That's the answer I was hoping for, I would try a stepped approach, so for instance you can do a visual chart say 3 images of clothes, when he gets wet one image is removed and one set is used out of his bag, and so on when he's used them all that's it no more changing hence why I was hoping he didn't like your clothes as this then if the wetness was a detriment to his health is the only way he could get changed. Go for an easy target first so if mum is on board say 5 changes max all day then praise him for not needing all five,  keep this going till he shows a positive reaction to his accomplishment, then you drop it down by one (only one) and so on. Smart targets for him that are achievable but then he will on the opposite side of things have to battle against himself and his feelings. If it's anxiety related the only way to overcome the feelings he has is for his mind to realise nothing bad will happen if he is wet or mucky, if changing him as he requests happens at home or nursery then this reinforces the feelings that his mind is right and he should be scared of the unknown. As someone above has said really try where possible to increase his messy play, the above strategy is linked to the ladders of success. Anxiety and ASD lie very very close together, with the SPD id do very similar in expanding his sensory play.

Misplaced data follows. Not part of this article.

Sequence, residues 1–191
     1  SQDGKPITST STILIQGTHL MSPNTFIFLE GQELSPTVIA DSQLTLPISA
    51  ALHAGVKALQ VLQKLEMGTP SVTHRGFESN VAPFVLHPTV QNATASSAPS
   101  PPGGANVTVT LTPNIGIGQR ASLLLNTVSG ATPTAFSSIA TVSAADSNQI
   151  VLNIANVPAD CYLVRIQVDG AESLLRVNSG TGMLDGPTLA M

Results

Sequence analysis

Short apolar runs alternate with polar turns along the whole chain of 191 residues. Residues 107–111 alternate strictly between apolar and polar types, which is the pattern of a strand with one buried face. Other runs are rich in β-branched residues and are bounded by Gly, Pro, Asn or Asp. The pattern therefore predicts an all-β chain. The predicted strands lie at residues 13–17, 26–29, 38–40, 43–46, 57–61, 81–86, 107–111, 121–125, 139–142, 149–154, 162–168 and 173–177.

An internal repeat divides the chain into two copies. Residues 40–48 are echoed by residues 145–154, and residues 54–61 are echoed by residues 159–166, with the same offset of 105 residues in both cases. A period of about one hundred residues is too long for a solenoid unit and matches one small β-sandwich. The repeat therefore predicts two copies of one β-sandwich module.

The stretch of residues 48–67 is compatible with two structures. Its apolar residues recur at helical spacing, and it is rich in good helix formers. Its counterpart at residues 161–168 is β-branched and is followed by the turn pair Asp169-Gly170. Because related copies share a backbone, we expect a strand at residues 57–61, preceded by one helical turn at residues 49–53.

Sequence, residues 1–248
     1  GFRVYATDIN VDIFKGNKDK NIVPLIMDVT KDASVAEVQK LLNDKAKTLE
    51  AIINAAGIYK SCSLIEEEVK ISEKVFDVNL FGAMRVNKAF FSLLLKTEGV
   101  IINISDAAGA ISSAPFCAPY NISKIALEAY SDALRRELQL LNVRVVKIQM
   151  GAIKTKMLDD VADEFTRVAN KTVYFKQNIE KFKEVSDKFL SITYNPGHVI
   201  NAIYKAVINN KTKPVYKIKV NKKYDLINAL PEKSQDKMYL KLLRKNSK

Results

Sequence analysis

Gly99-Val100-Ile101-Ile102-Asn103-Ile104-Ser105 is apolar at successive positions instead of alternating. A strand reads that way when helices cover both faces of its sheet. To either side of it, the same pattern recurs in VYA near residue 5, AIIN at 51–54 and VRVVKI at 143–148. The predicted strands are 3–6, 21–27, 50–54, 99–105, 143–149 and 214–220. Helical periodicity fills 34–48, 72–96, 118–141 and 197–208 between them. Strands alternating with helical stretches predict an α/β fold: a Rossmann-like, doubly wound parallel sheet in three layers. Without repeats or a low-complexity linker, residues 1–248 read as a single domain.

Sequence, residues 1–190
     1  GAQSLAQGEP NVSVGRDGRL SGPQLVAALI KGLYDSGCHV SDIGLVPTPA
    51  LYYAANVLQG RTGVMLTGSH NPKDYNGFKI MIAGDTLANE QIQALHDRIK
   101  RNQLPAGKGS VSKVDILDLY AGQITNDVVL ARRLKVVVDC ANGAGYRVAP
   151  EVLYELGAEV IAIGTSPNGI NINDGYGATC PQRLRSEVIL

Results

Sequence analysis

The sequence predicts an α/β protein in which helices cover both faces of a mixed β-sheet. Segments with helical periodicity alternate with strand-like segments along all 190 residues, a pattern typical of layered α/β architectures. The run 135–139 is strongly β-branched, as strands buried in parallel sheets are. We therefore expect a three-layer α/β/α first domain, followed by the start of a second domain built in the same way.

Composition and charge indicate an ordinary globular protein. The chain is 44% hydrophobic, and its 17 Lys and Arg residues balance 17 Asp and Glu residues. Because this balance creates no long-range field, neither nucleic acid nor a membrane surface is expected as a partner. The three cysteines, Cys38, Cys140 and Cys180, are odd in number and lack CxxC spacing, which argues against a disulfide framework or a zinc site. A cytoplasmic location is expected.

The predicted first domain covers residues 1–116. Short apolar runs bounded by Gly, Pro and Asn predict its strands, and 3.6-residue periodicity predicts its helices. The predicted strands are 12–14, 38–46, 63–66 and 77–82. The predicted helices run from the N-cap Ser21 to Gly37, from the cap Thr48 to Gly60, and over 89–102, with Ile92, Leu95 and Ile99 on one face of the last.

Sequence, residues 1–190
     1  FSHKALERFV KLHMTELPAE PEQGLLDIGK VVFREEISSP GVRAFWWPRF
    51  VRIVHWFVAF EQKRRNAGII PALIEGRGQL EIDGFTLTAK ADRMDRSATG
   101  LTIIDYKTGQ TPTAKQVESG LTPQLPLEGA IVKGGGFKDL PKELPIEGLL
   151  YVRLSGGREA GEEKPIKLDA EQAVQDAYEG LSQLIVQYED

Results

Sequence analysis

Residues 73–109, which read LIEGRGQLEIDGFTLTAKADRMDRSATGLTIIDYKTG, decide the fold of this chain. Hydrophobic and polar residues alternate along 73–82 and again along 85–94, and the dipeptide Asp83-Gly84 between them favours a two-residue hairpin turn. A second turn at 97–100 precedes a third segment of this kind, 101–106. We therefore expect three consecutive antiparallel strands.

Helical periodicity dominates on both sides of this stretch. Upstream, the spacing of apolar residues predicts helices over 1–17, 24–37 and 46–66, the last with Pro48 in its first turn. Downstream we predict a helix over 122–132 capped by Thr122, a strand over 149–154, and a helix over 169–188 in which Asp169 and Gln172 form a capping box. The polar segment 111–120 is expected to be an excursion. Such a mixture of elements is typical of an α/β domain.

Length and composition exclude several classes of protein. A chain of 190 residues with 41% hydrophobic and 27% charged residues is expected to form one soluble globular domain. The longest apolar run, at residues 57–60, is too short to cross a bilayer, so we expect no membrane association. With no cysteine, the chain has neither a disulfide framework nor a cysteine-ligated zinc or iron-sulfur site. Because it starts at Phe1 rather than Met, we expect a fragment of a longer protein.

Good luck x 

Edited by Foreveryoung
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  • FSFRebecca changed the title to Trying to support a child with sensory processing disorder

Brilliant thank you for your advice. Today he was quiet but a little happier so I am celebrating that! had a good long chat to mum, she is asking to be refereed back to the center for another assessment, not sure that will happen though. Mum says he has been obsessed with having spots over the last couple of days, rubbing at imaginary spots on his hand and face ( one of this friends sister had chicken pox) but did not see any of this at pre-school. He did not ask to get changed today, but wanted to take off his top and "dry" it on the heater, he left it there for 20 mins or so and then happily put it back on. Mum says he does this at home and sees the heater and something that will get the dirt off! Bless him.